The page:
The U.S. Treasury Department’s semi-annual report on the macroeconomic and foreign exchange policies of major trading partners has put India on the watchlist of countries being monitored for currency manipulation. This comes after the Indian central bank stepped up purchases of foreign currency as portfolio flows surged in the second half of the year.

The U.S. Treasury uses three benchmarks to judge currency manipulators:

  • A bilateral trade surplus with the U.S. of more than $20 billion.
  • A current account surplus of at least 3% of GDP.
  • Net purchases of foreign currency of 2% of GDP over a 12-month period.

India breached the first and the third benchmarks. On the second, on a four-quarter basis, the country’s current account surplus remained below the threshold level.

“India for several years has maintained a significant bilateral goods trade surplus with the United States, which totaled $22 billion in the four quarters through June 2020,” the report said. The economy’s first four-quarter current account surplus since 2004 stood at 0.4% of GDP over the year to June 2020, it said.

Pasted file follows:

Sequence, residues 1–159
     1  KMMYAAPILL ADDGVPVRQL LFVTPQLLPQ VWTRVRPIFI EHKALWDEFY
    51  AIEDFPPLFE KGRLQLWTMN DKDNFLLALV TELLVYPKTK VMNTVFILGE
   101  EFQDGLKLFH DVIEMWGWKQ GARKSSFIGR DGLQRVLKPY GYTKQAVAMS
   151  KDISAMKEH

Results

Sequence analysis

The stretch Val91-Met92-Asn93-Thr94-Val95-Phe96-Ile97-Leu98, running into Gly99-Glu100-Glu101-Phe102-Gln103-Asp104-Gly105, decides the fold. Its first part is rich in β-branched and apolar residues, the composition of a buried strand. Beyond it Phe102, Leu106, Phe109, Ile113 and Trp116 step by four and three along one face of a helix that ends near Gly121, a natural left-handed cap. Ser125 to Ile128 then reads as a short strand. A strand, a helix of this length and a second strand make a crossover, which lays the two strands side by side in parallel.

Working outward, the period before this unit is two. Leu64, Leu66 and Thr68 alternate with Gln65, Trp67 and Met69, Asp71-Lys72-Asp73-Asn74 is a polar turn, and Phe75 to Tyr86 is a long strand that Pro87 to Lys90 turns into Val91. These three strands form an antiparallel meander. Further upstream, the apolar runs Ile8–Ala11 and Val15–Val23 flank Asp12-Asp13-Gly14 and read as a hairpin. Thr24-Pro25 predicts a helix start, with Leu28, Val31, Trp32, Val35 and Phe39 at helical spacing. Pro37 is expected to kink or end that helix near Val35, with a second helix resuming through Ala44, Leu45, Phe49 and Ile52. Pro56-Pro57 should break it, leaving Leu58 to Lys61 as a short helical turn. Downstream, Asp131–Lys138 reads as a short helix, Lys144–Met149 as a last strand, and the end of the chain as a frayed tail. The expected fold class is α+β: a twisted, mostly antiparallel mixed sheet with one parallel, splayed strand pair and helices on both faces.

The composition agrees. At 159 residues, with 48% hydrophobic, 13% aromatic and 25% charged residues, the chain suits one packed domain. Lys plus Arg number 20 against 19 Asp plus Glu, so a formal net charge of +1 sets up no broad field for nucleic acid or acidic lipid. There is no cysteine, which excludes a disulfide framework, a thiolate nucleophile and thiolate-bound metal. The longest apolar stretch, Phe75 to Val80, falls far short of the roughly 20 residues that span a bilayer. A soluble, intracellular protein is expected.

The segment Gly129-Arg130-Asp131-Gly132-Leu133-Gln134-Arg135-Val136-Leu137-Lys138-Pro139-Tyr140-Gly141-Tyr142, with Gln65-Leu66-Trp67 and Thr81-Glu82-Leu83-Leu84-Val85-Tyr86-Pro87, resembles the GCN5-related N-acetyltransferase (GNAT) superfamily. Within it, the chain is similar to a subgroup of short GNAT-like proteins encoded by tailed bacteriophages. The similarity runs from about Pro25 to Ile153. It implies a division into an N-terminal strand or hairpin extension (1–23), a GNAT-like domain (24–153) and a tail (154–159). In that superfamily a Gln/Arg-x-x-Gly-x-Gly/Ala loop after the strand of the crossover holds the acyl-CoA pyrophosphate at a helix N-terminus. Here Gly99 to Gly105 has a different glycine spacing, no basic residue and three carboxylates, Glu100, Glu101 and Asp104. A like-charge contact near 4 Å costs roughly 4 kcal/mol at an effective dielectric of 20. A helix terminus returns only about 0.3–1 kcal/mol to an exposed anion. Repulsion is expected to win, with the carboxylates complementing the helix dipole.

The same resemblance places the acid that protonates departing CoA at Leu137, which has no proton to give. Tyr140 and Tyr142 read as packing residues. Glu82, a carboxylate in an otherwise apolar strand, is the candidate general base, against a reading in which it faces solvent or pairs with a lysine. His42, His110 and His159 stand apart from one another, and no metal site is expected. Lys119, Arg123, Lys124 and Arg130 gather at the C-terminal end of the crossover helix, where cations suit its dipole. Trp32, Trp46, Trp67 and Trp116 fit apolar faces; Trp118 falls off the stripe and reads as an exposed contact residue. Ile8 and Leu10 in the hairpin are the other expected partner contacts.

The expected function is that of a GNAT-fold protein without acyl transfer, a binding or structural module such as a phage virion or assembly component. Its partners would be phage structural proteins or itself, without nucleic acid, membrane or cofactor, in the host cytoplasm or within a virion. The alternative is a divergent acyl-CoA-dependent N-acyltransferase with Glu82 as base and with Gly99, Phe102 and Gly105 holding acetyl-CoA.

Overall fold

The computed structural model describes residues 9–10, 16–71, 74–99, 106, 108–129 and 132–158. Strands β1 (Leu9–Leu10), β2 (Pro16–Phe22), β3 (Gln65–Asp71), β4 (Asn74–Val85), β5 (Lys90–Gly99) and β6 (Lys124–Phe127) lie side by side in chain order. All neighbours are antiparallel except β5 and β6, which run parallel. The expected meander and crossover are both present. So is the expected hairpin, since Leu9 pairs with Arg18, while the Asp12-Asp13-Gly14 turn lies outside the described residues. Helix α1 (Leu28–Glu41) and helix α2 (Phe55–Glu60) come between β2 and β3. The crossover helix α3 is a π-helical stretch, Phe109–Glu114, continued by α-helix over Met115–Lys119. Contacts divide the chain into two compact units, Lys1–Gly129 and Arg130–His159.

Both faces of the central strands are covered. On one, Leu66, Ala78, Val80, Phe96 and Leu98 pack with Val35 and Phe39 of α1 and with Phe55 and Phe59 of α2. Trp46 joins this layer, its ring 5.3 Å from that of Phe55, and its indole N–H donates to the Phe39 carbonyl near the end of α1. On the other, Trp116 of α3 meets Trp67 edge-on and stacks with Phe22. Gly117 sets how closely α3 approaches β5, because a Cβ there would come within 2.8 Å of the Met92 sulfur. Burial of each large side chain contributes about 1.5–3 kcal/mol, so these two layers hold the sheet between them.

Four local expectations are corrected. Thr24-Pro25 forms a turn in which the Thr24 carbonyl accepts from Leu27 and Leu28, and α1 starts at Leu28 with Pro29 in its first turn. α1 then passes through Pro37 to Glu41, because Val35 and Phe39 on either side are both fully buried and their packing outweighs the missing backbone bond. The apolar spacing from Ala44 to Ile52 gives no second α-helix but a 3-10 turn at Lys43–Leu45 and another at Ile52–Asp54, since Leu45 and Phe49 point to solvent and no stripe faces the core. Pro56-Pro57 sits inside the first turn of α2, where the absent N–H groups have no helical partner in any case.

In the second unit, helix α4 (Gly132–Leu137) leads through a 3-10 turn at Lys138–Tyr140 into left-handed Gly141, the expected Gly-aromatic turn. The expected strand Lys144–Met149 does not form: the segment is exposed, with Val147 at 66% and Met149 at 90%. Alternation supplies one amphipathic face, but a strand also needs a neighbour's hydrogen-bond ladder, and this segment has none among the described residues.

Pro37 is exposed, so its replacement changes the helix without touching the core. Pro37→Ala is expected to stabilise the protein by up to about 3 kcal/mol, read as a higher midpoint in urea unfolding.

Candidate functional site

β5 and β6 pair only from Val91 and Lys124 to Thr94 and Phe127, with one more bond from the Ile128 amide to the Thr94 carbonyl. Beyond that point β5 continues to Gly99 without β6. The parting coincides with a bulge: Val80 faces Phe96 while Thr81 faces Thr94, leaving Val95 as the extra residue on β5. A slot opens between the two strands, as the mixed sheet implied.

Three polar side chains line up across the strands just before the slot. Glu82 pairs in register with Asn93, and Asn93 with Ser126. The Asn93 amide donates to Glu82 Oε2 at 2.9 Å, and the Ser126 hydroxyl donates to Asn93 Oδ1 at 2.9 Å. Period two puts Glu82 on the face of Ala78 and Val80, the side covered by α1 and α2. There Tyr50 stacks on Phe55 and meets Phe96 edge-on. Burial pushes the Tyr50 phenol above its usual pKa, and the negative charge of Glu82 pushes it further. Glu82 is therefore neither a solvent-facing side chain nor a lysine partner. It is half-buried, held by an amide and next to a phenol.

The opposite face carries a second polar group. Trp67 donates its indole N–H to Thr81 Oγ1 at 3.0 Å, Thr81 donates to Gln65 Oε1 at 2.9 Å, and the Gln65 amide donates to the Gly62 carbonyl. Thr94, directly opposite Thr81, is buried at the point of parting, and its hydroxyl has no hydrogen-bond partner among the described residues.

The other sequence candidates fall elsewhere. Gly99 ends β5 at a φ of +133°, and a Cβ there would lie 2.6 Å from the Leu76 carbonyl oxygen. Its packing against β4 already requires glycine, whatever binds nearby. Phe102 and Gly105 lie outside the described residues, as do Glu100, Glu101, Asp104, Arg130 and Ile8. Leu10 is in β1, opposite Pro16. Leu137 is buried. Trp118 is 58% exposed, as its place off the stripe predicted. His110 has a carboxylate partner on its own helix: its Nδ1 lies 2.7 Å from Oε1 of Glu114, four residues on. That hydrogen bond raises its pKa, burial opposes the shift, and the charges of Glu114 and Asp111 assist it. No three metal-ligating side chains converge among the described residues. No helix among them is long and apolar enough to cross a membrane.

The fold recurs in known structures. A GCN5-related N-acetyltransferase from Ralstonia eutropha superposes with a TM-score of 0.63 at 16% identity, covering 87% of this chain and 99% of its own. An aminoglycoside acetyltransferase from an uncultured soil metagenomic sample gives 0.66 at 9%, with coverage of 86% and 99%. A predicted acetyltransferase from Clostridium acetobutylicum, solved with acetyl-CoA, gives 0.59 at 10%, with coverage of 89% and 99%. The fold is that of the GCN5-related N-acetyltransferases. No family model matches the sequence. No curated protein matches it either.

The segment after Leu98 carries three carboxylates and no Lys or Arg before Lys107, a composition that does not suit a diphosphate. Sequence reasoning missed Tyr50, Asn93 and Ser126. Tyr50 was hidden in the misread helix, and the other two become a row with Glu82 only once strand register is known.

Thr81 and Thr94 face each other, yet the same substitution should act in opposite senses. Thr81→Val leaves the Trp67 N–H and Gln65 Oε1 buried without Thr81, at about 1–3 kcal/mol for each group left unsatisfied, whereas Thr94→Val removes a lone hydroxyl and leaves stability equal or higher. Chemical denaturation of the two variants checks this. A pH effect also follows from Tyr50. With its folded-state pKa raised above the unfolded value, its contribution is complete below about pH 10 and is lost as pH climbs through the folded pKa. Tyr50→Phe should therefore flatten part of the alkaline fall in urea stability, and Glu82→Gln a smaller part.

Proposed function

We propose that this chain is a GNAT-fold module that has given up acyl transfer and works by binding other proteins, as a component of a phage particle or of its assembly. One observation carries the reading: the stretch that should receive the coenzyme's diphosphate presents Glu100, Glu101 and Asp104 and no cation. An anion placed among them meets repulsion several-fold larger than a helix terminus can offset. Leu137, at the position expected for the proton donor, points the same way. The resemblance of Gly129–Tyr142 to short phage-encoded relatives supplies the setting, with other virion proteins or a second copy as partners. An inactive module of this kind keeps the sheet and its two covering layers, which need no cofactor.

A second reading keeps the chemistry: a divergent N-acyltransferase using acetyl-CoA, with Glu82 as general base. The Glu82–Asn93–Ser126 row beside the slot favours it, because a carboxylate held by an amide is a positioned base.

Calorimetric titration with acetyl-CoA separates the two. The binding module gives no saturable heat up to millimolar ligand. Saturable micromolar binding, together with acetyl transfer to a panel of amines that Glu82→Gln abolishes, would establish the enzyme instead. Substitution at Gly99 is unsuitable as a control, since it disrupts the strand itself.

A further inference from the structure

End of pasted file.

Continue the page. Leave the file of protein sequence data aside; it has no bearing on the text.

According to the report, net purchases of foreign currency added up to 2.4% of GDP. While the department acknowledged the RBI’s transparency in publishing data on intervention, it called for the central bank to allow the rupee to adjust based on fundamentals.

Problem Of Plenty

The surge of global liquidity added by global central banks have led to strong inflows into emerging economies like India.

So far this year, foreign portfolio flows alone have brought in a net of Rs 80,783 crore, according to data available on the National Securities Depository Ltd. One-off foreign direct investment flows have also come in this year.

In order to prevent sudden appreciation in the rupee, which in the past has led to disruptive corrections, the RBI has absorbed a large chunk of forex inflows. Since April 3, foreign exchange reserves have risen from $475.6 billion to $579 billion now.

The purchase of these forex flows in turn have added to the liquidity surplus in the domestic market, prompting analysts to question whether the RBI should permit more appreciation in the rupee.

The U.S. Treasury department’s decision to put India back on the currency manipulator’s watchlist could keep RBI somewhat “guarded on aggressive forex intervention”, said Madhavi Arora, economist at Emkay Global.

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